Find the sickest company you can, and the odds are good that Texas Pacific wants a hand in healing it in return for a big ownership stake. After 9/11, few other investors would touch the airlines, which have lost two-thirds of their value in the past year. But ever since the Continental deal which brought Bonderman and his partners 10 times their original investment Texas Pacific has made a profitable habit of picking up airlines so far down on their luck that nobody wants them. "We're contrarian by nature," says co-founder Jim Coulter. "On many of our best deals, friends in the business call to say, 'If it wasn't you guys, we'd think it was crazy.'"
If US Airways manages to reorganize under bankruptcy protection, Texas Pacific, based in Fort Worth, stands to own 38% of an airline once valued at $7 billion all for an investment of $200 million. And that's not its only deal in the works. While public attention naturally attached to the US Airways transaction, Texas Pacific was quietly closing a deal 10 times larger: a $2.26 billion cash buyout of Burger King from Diageo, based in London. Bonderman and his partners are also finalizing the purchase of bankrupt Swissair's catering subsidiary, Gate Gourmet, No. 2 in the world with $2 billion in annual sales.
So who are these guys? Outside the world of leveraged-buyout firms, few know the partners of Texas Pacific and they like it that way. Even their website is blank. Yet their $10 billion portfolio has included such names as Bally shoes, Beringer wines, Del Monte foods, Ducati motorcycles, J. Crew clothes and Petco stores as well as Continental Airlines and America West, on whose boards some partners still hold seats.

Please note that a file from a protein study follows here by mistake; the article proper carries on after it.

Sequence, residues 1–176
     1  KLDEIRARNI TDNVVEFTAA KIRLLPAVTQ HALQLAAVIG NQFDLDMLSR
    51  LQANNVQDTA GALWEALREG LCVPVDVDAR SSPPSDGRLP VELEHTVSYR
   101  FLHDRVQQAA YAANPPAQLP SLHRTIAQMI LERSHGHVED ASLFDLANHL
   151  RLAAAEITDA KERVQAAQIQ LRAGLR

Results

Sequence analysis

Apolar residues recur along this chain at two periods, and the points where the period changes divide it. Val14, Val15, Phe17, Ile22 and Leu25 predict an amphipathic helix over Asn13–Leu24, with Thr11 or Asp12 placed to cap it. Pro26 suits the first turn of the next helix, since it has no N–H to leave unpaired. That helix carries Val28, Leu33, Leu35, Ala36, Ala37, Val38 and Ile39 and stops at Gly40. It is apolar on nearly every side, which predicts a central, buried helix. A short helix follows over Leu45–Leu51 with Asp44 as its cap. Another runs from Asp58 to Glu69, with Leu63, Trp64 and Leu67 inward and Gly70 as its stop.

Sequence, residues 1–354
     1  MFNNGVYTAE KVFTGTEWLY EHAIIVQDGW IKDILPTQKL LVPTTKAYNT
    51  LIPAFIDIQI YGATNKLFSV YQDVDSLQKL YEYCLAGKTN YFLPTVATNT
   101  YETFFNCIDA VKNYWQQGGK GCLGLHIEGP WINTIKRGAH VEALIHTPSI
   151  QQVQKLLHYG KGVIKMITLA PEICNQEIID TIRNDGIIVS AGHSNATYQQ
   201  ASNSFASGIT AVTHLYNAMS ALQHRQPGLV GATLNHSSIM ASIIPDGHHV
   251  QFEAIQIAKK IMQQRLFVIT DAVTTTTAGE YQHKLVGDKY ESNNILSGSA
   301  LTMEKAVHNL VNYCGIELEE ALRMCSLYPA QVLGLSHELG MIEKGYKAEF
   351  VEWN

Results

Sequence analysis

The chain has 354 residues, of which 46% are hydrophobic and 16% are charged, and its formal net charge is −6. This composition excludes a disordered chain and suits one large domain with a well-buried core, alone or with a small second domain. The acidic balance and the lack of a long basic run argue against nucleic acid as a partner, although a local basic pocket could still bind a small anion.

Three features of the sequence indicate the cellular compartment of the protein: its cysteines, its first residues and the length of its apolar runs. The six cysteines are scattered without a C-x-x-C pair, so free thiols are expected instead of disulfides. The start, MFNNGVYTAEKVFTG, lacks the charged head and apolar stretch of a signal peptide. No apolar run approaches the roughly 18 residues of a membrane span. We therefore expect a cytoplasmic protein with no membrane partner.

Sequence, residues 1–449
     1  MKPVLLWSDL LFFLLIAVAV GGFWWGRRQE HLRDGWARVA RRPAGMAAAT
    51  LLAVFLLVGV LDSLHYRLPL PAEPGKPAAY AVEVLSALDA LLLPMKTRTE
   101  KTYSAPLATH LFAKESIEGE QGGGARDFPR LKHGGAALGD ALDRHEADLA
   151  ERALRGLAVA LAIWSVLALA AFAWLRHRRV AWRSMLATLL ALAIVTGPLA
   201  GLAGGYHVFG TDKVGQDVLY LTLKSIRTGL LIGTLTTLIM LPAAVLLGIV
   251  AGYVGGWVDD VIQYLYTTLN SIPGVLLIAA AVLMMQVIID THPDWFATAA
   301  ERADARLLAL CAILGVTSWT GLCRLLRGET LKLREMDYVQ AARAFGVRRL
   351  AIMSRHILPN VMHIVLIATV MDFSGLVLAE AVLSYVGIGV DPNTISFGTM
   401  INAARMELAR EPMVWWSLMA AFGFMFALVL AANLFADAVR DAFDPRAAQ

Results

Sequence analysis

TPG's greatest strengths, say investment insiders, are patience and timing. Texas Pacific sat out the hottest stock market in history. From May 2000 to September 2001, it did not make one purchase, while unloading more than $2 billion in holdings for its institutional investors. Says Coulter: "Since Sept. 11, there's been a lot more panic, and things have gotten considerably more interesting."
In recent months, troubled airlines from all over the world have been appealing to TPG for help. The partners were most interested, though, when a call came from David Siegel, CEO of US Airways, who had worked at Continental during TPG's turnaround of that carrier. US Airways has valuable East Coast routes and gates and an above-average revenue per seat. But aircraft and labor costs were killing it. Siegel wanted to bring US Airways out of debt without bankruptcy. But TPG, while encouraged by union concessions, was adamant that the airline undergo a thorough restructuring in the courts to write off debt. Texas Pacific is content to wait and work at turning around the airline. "We tend to like complex things. We're problem solvers," says Coulter.
That approach paid off big for Bonderman's first turnaround, Continental Airlines. Thanks to a clever purchasing arrangement, TPG's partnership controlled Continental, though it owned just 14% of its stock. Not just an investor with deep pockets, TPG closely watched costs and CEO Gordon Bethune. Continental's share price, once down around $2, soared to $65 by 1998. "It was a huge gamble with an even larger payoff in an industry where net profits are close to zero," says Continental board member George Parker. After eight years, TPG's total return on its $66 million investment was nearly $700 million.
Bonderman and Coulter learned from the best; they worked for one of the billionaire Bass brothers, Robert, in Fort Worth during the 1980s before opening Texas Pacific with lawyer William Price III in 1993. When European newspapers write about TPG's deals there, they love to run cartoons of the Texas raiders in cowboy hats. But none of the co-founders fell off a watermelon truck. Bonderman, 59, a skilled negotiator, is a Harvard law graduate. Coulter, 42, the savvy stock picker, is a Stanford M.B.A. Price, 46, who figures out how to restructure the distressed firms in which TPG invests, is a Berkeley law grad.
Michael O'Leary, president of Europe's hottest no-frills airline, Ryanair, based in Dublin, got to know Bonderman in 1996 when he "was looking for dumb companies that didn't realize they were on to a good thing. He kind of raped us," says O'Leary, chuckling. "He got 20% for pretty much nothing. Sold us in '97 and made a fortune." The $42 million that Bonderman and his partners invested in Ryanair's initial public offering of stock increased sevenfold.